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CHAPTER LIX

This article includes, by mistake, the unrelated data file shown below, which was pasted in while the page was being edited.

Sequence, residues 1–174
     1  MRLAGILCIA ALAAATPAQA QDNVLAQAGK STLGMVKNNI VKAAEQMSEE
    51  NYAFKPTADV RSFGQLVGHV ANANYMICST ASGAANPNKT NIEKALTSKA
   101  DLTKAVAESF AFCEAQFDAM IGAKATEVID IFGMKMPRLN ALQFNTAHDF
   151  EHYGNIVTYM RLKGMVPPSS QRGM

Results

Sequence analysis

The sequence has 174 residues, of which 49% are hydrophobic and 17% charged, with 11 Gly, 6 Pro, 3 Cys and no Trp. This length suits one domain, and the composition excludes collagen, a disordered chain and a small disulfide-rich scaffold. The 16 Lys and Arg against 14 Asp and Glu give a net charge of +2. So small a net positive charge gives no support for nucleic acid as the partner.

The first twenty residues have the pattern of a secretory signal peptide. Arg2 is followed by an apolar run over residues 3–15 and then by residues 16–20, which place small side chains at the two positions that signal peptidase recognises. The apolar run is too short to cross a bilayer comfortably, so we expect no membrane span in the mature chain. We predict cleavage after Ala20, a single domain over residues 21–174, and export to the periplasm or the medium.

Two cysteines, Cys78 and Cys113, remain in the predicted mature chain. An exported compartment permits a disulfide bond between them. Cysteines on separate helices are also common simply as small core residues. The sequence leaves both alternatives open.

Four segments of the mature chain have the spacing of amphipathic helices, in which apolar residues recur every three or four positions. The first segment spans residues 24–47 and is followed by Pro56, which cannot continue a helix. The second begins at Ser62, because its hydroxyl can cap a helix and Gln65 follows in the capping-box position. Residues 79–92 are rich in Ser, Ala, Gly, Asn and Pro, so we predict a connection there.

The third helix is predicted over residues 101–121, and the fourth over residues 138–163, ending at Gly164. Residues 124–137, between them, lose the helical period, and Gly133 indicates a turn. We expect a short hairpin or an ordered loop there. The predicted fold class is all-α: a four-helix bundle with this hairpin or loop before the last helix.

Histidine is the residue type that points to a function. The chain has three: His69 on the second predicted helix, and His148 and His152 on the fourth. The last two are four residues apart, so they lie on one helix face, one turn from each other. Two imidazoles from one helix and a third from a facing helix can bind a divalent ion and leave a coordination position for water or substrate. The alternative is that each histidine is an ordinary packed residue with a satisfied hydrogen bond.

THE following question might perhaps be asked: Since there is no possibility of obtaining a knowledge of the true essence of God, and since it has also been proved that the only thing that man can apprehend of Him is the fact that He exists, and that all positive attributes are inadmissible, as has been shown, what is the difference among those who have obtained a knowledge of God? Must not the knowledge obtained by our teacher Moses, and by Solomon, be the same as that obtained by any one of the lowest class of philosophers, since there can be no addition to this knowledge? But, on the other hand, it is generally accepted among theologians and also among philosophers, that there can be a great difference between two persons as regards the knowledge of God obtained by them. Know that this is really the case, that those who have obtained a knowledge of God differ greatly from each other; for in the same way as by each additional attribute an object is more specified, and is brought nearer to the true apprehension of the observer, so by each additional negative attribute you advance toward the knowledge of God, and you are nearer to it than he who does not negative, in reference to God, those qualities which you are convinced by proof must be negatived. There may thus be a man who after having earnestly devoted many years to the pursuit of one science, and to the true understanding of its principles, till he is fully convinced of its truths, has obtained as the sole result of this study the conviction that a certain quality must be negatived in reference to God, and the capacity of demonstrating that it is impossible to apply it to Him. Superficial thinkers will have no proof for this, will doubtfully ask, Is that thing existing in the Creator, or not? And those who are deprived of sight will positively ascribe it to God, although it has been clearly shown that He does not possess it. E.g., while I show that God is incorporeal, another doubts and is not certain whether He is corporeal or incorporeal; others even positively declare that He is corporeal, and appear before the Lord with that belief. Now see how great the difference is between these three men; the first is undoubtedly nearest to the Almighty; the second is remote, and the third still more distant from Him. If there be a fourth person who holds himself convinced by proof that emotions are impossible in God, while the first who rejects the corporeality, is not convinced of that impossibility, that fourth person is undoubtedly nearer the knowledge of God than the first, and go on, so that a person who, convinced by proof, negatives a number of things in reference to God, which according to our belief may possibly be in Him or emanate from Him, is undoubtedly a more perfect man than we are, and would surpass us still more if we positively believed these things to be properties of God. It will now be clear to you, that every time you establish by proof the negation of a thing in reference to God, you become more perfect, while with every additional positive assertion you follow your imagination and recede from the true knowledge of God. Only by such ways must we approach the knowledge of God, and by such researches and studies as would show us the inapplicability of what is inadmissible as regards the Creator, not by such methods as would prove the necessity of ascribing to Him anything extraneous to His essence, or asserting that He has a certain perfection, when we find it to be a perfection in relation to us. The perfections are all to some extent acquired properties, and a property which must be acquired does not exist in everything capable of making such acquisition.